The Santa Within

The Santa Within
Amanda Bancroft Making Ripples

Amanda Bancroft

Making Ripples

Whether or not one believes in Santa Claus as we know him today, perhaps everyone has a bit of Santa within themselves: generosity. Of course, it can be argued that we all have our “inner grinch” as well. As the winter wind starts whipping around, and the holidays whiz by, people can become grinchier and tired. But the historical figure upon which many legends have been based was a great example of generosity despite hard times.

The stories surrounding this saint are certainly PG-13 at least, so beware if you dig into history: reality is not all flying reindeer. But the basic life story believed to be of St. Nicholas is that of an orphan from a wealthy Mediterranean family who gave away his inheritance to help those in need, becoming a bishop at a young age. There are so many legends about Santa that it’s hard to keep track of all the variously sized, diversely colored, and temperament-challenged icons present across the world.

It’s amazing what a writer and an illustrator can do to craft culture. Clement Clark Moore’s 1822 poem “A Visit from St. Nicholas” or “’Twas the Night Before Christmas” was hugely popular, and even more so once Coca-Cola commissioned Haddon Sundblom to illustrate Santa in 1931. Through advertising, we now have a red-suited, plump, classic Santa image shown in cartoons, Christmas cards, and across various mediums like coloring books. The real Turkish person who was to become St. Nicholas and inspire the stories, however, looked little like the jolly old elf. He was perhaps a bit like some of us, struggling through adversity in order to do something good for others.

According to National Geographic, forensic evidence has allowed us to see what he actually looked like. He had darker skin, a broken nose, and strong neck muscles. Eventually his image was transformed as his legend was shaped by earlier stories and new marketing. “The strict saint took on some aspects of earlier European deities, like the Roman Saturn or the Norse Odin, who appeared as white-bearded men and had magical powers like flight. He also ensured that kids toed the line by saying their prayers and practicing good behavior,” writes Brian Handwerk for National Geographic. The spirit of Santa, however, looks just like all of us.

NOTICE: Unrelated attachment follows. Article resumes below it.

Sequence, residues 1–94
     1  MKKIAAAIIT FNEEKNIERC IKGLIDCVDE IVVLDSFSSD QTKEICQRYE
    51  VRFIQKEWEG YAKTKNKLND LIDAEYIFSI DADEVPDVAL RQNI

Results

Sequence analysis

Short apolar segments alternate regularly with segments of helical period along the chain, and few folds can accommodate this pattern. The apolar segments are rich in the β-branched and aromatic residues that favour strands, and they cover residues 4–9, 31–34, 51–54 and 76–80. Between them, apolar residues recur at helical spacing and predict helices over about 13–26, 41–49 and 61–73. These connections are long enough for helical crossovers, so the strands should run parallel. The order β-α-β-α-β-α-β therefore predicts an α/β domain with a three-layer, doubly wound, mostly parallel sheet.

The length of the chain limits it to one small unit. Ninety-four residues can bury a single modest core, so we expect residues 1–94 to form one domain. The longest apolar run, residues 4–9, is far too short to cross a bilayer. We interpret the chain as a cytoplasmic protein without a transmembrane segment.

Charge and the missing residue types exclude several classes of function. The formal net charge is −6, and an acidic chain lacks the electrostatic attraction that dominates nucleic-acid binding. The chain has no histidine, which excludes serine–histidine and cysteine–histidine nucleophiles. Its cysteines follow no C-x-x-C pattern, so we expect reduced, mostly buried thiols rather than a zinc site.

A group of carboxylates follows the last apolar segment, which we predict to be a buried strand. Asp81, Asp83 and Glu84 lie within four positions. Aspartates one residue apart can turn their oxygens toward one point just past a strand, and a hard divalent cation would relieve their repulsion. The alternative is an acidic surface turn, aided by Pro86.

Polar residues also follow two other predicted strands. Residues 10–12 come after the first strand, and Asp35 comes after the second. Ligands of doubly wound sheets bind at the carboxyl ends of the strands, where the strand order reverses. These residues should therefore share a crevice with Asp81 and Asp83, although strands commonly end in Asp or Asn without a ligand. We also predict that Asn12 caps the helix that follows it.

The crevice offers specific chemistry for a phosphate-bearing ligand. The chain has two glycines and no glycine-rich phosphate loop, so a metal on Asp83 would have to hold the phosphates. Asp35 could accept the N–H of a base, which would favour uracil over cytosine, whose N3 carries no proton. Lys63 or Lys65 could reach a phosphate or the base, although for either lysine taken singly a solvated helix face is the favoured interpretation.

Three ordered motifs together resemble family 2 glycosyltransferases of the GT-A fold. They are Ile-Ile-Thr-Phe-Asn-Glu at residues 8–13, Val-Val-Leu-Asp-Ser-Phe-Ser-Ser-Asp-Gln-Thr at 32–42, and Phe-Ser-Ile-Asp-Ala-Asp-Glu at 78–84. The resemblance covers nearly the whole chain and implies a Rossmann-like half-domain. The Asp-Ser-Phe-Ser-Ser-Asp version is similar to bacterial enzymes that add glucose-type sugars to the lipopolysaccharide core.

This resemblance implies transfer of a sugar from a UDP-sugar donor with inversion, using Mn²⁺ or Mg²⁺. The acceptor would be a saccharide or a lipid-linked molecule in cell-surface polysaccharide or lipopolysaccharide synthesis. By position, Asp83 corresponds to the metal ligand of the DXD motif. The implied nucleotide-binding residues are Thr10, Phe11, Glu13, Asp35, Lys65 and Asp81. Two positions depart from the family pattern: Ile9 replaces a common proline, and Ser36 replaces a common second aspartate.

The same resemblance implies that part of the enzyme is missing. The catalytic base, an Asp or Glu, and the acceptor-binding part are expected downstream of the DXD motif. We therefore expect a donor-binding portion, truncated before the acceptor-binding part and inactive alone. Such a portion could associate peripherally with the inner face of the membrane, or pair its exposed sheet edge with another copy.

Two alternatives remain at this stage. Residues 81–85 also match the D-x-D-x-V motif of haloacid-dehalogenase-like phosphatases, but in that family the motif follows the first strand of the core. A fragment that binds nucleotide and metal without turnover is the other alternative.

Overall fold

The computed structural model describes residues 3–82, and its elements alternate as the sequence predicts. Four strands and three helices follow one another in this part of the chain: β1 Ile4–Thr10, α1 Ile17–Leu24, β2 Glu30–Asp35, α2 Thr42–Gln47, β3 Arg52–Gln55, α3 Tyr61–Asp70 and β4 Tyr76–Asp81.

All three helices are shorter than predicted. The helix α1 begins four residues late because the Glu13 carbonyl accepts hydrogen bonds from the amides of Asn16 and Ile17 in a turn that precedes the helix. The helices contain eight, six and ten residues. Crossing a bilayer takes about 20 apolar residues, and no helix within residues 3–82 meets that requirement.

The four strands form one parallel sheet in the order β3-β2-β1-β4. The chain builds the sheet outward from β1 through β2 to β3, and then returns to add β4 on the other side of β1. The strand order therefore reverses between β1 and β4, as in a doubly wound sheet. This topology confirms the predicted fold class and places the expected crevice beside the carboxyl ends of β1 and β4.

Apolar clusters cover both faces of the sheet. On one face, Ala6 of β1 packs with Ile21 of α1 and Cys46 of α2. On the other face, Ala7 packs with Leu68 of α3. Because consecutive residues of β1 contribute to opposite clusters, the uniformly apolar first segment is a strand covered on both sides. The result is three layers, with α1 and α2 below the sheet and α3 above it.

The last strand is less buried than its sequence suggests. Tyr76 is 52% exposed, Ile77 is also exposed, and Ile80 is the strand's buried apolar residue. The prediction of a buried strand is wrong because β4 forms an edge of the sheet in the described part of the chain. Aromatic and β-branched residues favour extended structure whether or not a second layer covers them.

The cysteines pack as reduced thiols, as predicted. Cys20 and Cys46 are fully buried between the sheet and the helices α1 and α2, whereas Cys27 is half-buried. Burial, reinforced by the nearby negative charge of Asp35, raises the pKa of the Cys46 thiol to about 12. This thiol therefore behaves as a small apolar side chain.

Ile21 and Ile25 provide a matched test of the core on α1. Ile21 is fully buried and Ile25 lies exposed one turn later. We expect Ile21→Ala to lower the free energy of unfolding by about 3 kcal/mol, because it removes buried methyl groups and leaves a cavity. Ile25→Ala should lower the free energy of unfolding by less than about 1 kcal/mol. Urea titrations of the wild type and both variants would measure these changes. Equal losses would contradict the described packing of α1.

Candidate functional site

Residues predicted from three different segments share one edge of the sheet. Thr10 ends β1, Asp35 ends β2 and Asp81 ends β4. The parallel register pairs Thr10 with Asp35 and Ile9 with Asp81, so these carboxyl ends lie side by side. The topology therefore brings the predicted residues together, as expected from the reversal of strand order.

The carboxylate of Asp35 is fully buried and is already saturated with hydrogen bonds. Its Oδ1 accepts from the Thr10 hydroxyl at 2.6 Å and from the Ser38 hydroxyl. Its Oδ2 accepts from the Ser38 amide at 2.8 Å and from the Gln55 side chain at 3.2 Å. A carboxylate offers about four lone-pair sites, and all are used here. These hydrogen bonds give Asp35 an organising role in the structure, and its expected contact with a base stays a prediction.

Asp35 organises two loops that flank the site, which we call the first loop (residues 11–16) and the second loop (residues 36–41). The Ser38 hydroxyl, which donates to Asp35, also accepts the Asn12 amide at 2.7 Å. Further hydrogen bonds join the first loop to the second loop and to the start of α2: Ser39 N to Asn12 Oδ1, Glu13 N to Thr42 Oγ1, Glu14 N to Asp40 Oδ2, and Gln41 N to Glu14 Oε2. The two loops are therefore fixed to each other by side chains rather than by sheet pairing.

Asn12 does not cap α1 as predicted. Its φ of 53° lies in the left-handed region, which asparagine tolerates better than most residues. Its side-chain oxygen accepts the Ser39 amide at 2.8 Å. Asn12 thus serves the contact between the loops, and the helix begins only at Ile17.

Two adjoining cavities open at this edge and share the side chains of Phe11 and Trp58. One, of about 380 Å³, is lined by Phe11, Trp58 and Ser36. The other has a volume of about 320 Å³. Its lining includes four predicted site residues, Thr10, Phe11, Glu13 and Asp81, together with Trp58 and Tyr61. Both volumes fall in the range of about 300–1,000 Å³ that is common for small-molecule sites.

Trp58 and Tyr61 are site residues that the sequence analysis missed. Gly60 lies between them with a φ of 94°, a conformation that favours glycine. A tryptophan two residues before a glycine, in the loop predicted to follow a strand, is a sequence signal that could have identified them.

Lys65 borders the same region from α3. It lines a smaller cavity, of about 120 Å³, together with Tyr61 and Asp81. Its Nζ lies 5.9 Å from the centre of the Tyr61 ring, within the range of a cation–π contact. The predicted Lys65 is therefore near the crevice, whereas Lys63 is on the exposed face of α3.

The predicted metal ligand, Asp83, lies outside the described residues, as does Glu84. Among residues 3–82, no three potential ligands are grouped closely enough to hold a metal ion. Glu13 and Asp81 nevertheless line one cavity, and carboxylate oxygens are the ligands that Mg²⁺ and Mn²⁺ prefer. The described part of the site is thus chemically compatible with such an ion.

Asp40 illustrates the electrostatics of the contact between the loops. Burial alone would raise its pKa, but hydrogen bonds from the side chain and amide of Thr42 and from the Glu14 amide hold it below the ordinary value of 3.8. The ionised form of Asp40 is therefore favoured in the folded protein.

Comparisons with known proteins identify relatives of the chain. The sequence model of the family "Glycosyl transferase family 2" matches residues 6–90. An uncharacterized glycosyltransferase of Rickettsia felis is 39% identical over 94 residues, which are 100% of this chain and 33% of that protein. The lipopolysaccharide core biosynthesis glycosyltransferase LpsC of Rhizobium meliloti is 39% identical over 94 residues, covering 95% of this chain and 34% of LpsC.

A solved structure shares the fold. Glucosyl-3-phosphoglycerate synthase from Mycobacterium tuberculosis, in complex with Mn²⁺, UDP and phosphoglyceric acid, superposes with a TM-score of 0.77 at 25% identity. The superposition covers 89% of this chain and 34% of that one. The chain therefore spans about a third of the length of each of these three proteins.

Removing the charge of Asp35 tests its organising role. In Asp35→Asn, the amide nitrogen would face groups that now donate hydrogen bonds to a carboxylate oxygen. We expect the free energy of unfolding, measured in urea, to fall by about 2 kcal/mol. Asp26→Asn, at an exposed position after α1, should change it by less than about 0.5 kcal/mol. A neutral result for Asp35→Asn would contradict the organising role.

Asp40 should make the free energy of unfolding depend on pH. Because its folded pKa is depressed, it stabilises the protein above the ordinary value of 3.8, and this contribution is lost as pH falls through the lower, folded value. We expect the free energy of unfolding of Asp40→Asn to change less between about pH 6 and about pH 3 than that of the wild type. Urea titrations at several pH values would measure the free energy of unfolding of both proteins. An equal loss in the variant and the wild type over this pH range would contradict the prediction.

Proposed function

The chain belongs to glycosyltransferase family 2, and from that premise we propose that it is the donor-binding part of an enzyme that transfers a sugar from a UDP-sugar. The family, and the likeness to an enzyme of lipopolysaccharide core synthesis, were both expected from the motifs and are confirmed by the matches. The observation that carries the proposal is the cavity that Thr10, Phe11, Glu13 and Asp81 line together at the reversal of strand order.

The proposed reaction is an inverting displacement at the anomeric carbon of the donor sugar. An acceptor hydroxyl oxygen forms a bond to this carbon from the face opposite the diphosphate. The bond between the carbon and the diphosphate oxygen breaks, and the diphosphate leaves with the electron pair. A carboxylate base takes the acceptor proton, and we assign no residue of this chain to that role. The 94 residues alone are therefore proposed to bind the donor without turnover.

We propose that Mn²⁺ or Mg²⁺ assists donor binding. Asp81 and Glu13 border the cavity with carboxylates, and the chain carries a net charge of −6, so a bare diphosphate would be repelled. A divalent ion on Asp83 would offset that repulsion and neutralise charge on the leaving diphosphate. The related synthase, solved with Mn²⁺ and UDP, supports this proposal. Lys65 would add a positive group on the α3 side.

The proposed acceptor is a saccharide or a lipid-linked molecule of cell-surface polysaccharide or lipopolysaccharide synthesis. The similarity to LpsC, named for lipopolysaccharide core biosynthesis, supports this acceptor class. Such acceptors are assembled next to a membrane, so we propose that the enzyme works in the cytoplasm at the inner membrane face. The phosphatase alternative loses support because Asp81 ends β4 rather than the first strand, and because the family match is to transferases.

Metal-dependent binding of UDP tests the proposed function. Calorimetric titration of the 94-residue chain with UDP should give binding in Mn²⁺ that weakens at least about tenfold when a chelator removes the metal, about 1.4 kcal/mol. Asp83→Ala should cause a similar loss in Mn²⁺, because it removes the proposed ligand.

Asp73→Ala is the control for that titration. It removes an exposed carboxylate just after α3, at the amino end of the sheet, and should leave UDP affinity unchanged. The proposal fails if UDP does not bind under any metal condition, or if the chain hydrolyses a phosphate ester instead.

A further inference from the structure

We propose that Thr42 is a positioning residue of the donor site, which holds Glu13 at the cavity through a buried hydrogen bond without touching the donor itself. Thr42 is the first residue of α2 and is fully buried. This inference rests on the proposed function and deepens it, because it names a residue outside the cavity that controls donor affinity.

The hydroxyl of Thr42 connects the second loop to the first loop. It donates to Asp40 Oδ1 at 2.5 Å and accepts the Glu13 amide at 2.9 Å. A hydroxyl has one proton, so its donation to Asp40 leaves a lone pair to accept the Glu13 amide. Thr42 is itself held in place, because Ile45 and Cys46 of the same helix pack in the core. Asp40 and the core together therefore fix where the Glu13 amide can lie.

Human generosity seems worthy of a place among nature’s great accomplishments, a bit of a misfit toy among the mostly survival-based behaviors. Yet there can be huge social advantages to being generous, and we are a social species adapted to sharing resources (albeit mostly within our tribe – so go share with someone different). Maybe the best thing we can share with each other is precious time.

Amanda Bancroft is a writer, artist, and naturalist building an off-grid cottage for land conservation on Mt. Kessler. She and her husband Ryan blog about their adventures and offer a solar-hosted online educational center on how to make a difference with everyday choices at:

Categories: Making Ripples